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CONSOLE: NES DEVELOPER: Rare PUBLISHER: GameTek
RELEASE DATE (NA): March 1990 GENRE: Puzzle
// review by Jeff

Familiar Edition.

Okay, okay, okay... let me get this straight. Picture it: September 1988. Rare develops a game based on the ever-popular American television game show Wheel of Fortune, and GameTek, an up-and-coming fresh-faced publisher, sent it out to all the lovely game stores in America. Okay, that's fine, that's dandy. Then, a year later, in October 1989, GameTek dropped another bombshell on us in the form of Wheel of Fortune: Junior Edition, aimed at the younger crowd, using the same code, graphics, music, everything. That seems a little indolent, a little slothful if you will, but if kids were finding the original game too difficult, I suppose we should help them out a little. But then... only FIVE months later, in March 1990, GameTek did it a THIRD time with Wheel of Fortune: Family Edition. Same damn game yet again! How could they possibly have graced us with such splendor in the same month as Fisher-Price: Perfect Fit and Fisher-Price: I Can Remember? It was a great month to be an NES owner, wouldn't you say?

Think about this carefully for a moment. Wheel of Fortune: FAMILY Edition. Who exactly was playing the original Wheel of Fortune game? Hobos, winos, and lonely bartenders? This version is specifically for people who have procreated and the results of that procreation. If you're single, this cartridge will immediately reject your candidacy as a contestant, shun you out of the recording studio, and then proceed to melt into molten lava in your very hands. Seriously, who is this for?


Annoyed Family Member: "Why did you waste your money on this?"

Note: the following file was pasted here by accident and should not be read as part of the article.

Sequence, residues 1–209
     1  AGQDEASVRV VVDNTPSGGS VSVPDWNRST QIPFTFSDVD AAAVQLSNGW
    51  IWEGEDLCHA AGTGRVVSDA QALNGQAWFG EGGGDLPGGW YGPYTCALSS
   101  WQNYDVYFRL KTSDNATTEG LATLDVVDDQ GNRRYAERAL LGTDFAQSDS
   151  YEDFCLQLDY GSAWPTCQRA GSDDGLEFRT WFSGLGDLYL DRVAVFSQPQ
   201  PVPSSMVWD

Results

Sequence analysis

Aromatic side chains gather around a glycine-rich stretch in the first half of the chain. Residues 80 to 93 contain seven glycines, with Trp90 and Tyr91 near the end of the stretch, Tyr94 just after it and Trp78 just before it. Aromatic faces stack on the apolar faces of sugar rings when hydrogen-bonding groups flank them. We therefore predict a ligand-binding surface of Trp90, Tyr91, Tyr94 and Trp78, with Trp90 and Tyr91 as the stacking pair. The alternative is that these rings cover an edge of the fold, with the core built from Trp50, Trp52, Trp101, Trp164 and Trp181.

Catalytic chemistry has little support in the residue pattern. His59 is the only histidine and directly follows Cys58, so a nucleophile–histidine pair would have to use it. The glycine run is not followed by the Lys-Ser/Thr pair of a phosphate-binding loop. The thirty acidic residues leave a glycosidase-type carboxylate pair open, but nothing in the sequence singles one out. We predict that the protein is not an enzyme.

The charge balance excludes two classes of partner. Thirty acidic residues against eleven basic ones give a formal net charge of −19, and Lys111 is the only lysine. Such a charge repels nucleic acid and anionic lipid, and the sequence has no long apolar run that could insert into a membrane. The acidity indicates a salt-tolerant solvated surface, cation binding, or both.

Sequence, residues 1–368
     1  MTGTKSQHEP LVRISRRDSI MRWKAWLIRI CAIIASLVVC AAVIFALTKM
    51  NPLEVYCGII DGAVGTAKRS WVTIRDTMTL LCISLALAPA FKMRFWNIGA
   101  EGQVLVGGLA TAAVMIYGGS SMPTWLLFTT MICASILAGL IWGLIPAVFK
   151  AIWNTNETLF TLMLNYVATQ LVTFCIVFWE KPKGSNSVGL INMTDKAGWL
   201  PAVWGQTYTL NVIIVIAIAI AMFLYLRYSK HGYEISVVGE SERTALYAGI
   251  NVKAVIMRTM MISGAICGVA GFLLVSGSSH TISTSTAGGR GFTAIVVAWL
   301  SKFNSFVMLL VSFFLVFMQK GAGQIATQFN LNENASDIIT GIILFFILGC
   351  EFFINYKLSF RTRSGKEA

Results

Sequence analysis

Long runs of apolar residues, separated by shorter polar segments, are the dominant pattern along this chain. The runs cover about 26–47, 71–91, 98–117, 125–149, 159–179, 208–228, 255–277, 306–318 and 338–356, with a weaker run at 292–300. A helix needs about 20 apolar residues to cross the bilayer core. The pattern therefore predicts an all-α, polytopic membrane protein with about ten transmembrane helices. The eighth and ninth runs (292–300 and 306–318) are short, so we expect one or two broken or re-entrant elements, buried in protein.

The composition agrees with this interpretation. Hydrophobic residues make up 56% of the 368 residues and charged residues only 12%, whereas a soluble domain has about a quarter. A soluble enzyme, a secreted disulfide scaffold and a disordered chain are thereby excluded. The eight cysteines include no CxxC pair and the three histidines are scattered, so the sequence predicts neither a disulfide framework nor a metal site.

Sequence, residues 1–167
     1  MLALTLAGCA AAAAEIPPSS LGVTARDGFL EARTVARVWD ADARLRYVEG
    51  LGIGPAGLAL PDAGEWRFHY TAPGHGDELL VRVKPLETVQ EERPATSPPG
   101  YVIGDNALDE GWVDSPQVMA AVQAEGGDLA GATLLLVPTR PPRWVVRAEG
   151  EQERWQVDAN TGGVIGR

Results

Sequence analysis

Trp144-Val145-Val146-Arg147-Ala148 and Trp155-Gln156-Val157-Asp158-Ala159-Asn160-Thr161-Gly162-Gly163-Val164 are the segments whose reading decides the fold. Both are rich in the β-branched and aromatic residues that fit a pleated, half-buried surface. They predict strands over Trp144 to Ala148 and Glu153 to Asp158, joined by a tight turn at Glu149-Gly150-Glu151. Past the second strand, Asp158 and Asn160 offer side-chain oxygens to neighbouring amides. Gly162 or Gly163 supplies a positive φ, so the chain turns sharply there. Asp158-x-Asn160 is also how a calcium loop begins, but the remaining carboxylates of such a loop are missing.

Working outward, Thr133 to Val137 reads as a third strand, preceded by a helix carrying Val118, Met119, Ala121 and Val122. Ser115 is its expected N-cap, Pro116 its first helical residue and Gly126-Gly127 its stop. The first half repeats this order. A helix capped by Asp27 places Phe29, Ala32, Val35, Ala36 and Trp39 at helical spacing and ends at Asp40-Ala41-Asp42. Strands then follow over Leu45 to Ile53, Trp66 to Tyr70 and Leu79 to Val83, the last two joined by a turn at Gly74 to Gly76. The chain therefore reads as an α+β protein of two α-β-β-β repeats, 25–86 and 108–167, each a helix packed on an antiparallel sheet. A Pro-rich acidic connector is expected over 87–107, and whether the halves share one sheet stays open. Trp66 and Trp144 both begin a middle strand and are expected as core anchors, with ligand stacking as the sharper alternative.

To make matters even worse, it's the same bloody game interface. They've now had a year and a half, and the game doesn't look any prettier. Rare couldn't have even been bothered to add a few frills and twinkles to the HUD? No? But they DID change Vanna's dress again, this time to a lush and illustrious silver sheen. Too bad they didn't bother to try and make her look remotely human. Oh, but they DID bother to change the floor's colouring to magenta and the outside of the spinning wheel to a majestic drowning-in-Lake-Michigan blue. I must say, long winter nights were spent on these massive palette swaps. I hope GameTek raked in enough money to cover the exorbitant costs.

Wheel of Fortune: Family Edition boasts "over a thousand challenging puzzles" and new categories of puzzles as well. The same Hangman-style gameplay in the same drab studio where you guess the same letters remains the focus. If you've totally overplayed the first two games and need another fix, this game will whet your whistle until that whistle is adequately satiated. The only other major difference is that there's actually a brand new soundtrack here! Well, okay, it's partially a new soundtrack. They replaced about half of the music, though most of the little jingles, such as choosing a letter successfully, are still the same.

Do you need a third version of Wheel of Fortune on your NES? Are we this desperate? Can you not just whip out a piece of paper and play Hangman with your family for ten minutes before it gets old? In today's market, the extra puzzles would be called "DLC" and you'd be charged a small pittance, but back then, it was called "a new game", and you'd have to pay the regular price! Wheel of Fortune: Family Edition is just a cash grab, and I'd suggest staying away unless you can't get enough of Vanna White's sweet, blank, haunting, pixelated face.


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